"How DARE you assume such a thing about me. I have friends of many different ethnicities, religions, sexual orientations and I love each of them and what they bring to the table in my life. Your skin color and hairstyle have absolutely nothing to do with why I have turned you down. YOU, SIR, are the one who came in with your creep flag waving. I was offended by your comments such as, "I'm going to steal you and make you come home with me," and, "I've never had a sexual fantasy before, but now I do."
You need to leave. Right now. 

Alternative option: "I'm very sorry that I offended you. Can you tell me what I did wrong so that I may fix it?" I'm a super forgiving person and I understand that some people make mistakes due to being uneducated. I'll give you the benefit of the doubt if you seem sincere.

So if you're like my mom, you've probably read this far and are thinking, "Gosh, Courtney, maybe going out to the bars is not the greatest idea. How about you find somewhere safer to hang out?" 
I'm just going to hit you back with a big NO. Because I have heard this line too many damn times:

#4 "Well, that's what happens at bars." 

No. I refuse to believe that. I will not believe that. Saying such a thing puts the blame on the victim-- ahem, me-- suggesting that I shouldn't go if I don't want to be offended or violated. As a 21-year-old female college student, I have every right as the next person to go out with my friends on the weekend and grab a couple drinks, dance, and maybe even talk to a cute guy or two, then eat leftover pizza for breakfast the next day with my roommates and binge watch Netflix as we recover. 
So, no, the things I have experienced is not what "happens at bars." That's what happens when people are uneducated, rude, and haven't been raised by their mamas to love and accept other people for their differences. I won't stop going out with my friends because of my bad experiences. I do not have to sacrifice my fun weekends because of the actions of others. Instead, I will fight against it and hope that maybe one day, these people will understand that I don't have to take their shit.  

Alternative option: "How about we try a new bar and see if we can meet some new people elsewhere?" You can't run from bad experiences, but I am always up for trying something new. Even better? "Hey, I know when we go out tonight, there may be some rude people out there, but we are still going to make it a fun night." Damn right we are.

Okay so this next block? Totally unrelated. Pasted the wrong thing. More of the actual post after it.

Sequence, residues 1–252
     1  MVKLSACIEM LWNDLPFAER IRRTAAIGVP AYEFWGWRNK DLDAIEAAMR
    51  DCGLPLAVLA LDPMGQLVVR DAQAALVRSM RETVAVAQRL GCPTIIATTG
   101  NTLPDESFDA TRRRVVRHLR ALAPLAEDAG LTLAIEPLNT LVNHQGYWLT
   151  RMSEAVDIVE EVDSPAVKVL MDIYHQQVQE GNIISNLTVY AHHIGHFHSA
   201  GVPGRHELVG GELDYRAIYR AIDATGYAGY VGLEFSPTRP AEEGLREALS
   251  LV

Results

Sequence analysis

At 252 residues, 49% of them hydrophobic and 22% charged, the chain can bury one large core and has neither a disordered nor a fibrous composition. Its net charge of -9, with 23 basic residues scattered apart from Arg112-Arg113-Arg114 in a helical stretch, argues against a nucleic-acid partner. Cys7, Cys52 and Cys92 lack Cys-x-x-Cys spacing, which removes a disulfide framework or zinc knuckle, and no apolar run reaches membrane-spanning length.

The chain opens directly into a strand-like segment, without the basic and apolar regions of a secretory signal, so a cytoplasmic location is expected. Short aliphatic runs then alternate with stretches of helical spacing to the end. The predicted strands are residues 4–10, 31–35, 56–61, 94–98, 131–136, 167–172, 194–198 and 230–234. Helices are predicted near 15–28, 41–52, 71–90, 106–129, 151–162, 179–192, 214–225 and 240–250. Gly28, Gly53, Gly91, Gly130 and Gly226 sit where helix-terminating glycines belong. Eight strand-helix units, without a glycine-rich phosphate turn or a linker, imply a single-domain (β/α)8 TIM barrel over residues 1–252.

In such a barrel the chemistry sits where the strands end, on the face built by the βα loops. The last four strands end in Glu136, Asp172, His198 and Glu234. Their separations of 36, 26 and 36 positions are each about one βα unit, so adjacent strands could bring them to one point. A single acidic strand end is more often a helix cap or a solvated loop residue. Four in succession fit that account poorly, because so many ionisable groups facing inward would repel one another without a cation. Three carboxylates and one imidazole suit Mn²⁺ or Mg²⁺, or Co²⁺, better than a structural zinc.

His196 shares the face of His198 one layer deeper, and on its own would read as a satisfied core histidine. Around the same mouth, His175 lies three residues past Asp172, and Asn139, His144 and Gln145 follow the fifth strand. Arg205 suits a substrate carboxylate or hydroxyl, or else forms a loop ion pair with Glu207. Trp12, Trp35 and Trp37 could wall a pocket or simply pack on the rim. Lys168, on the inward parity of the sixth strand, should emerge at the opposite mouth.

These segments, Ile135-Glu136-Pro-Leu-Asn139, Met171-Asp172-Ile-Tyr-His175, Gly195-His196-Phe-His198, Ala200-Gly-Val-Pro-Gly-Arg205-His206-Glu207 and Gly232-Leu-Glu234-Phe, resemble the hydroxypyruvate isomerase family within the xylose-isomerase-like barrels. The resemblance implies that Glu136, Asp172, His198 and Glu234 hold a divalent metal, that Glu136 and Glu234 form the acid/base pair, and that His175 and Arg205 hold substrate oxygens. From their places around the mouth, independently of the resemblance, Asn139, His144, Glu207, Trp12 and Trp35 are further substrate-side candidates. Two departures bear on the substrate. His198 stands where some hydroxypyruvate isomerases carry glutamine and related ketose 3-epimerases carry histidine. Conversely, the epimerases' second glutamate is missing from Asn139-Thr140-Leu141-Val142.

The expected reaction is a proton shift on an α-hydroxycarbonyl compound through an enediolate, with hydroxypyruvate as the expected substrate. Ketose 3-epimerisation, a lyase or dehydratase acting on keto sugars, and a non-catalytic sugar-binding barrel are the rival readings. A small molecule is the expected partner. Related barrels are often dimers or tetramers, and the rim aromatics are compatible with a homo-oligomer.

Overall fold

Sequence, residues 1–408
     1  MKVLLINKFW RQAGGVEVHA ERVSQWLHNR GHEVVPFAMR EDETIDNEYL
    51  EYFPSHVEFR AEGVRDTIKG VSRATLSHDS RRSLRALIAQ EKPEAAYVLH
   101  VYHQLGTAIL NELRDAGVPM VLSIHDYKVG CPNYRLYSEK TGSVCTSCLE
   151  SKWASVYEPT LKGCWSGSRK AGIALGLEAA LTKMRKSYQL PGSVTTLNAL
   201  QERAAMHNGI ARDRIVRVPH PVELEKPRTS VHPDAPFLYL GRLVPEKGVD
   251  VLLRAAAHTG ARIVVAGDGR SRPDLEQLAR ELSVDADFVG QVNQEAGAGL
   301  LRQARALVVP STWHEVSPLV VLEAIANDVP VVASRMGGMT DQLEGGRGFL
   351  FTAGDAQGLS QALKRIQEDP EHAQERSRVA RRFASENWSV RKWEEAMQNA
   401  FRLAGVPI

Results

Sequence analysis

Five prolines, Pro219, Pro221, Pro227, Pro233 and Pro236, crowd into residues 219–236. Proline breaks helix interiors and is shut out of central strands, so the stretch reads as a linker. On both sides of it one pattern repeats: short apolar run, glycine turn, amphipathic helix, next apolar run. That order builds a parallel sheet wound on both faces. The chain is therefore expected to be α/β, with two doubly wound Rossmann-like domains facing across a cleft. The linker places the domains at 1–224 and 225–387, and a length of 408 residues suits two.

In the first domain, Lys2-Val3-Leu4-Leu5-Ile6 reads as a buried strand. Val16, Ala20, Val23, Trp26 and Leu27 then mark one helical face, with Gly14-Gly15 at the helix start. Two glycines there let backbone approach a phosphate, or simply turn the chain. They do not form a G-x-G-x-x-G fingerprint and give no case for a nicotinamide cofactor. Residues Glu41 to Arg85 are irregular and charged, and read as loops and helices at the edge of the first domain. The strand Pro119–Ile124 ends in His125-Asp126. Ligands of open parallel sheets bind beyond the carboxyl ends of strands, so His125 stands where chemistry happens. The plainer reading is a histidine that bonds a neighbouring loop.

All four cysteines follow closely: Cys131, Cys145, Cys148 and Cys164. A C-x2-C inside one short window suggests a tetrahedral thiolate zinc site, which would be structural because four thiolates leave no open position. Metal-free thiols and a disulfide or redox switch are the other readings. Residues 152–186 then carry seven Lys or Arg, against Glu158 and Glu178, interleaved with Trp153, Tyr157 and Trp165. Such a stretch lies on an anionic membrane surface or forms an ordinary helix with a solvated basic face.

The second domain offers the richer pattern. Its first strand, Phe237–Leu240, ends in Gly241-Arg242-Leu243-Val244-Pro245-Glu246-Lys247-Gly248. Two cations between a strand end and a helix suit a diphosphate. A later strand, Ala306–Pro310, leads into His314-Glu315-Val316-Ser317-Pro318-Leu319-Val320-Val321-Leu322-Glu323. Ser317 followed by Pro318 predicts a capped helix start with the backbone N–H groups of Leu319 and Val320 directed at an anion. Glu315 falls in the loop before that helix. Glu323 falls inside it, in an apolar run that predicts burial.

Last, but definitely not least, here's the kicker of them all. As my friends and family and people who love me, you have probably said this to me as an attempt to help, without realizing that it's not helpful at all… but that's ok. We're all learning. In the future, just try to please take this off your List of Things to Say to Courtney When She's Upset:  

#5 "Don't let it bother you" / "Those people don't matter." 

It bothers me. That's why we're here. That's why, at 10pm on a Friday night, I'm laying in bed writing this instead of hopping on the bus to The District to order another Funky Monkey at Daiquiri Factory or dancing on the speakers at 2nd Ave. I'm not going out tonight. I'm speaking out tonight. 
Unless you are a 4'2", blonde hair, blue eyed, 21-year-old, female, Communication Sciences and Disorders major at Augustana College in Rock Island, Illinois with Achondroplastic Dwarfism, YOU do not get to tell me that I shouldn't let it bother me. Unless you are Courtney Lynn Simross, YOU do not get to say that those people don't matter. You've never cried on the bus ride home because you overheard guys laughing about how they'd love to "f*ck a midget" but that they'd make sure to wear a condom because they "don't want one of those kids."   

Alternative option: "Yes, this hurts and it's unfair. What are we going to do so that it hopefully doesn't happen again?" Hint? Education and awareness. Always. If you love me, you'll join me in this fight. It's not fun. But I know that one day people will catch on and stop being so rude. One day.     


Tuesday, April 22, 2014

Please Don't Call Me an Inspiration

For whatever reason, people have always felt the need to tell me how inspiring my life is.
How I "overcome so much."
How I am "so brave" for doing this or that.
How I am "always smiling despite the hardships."
Or how I am "so strong."
(And--oh wait, my personal favorite…)
How I "live just like a normal person."

Please believe me when I say that I appreciate these comments! I know that the person means well, even if that's not how it came out. Sometimes I want to say something back like, "Thanks for noticing!" Or, "I'm glad someone understands!" Or, "Oh shoot, do you really think that of me? I'm flattered!"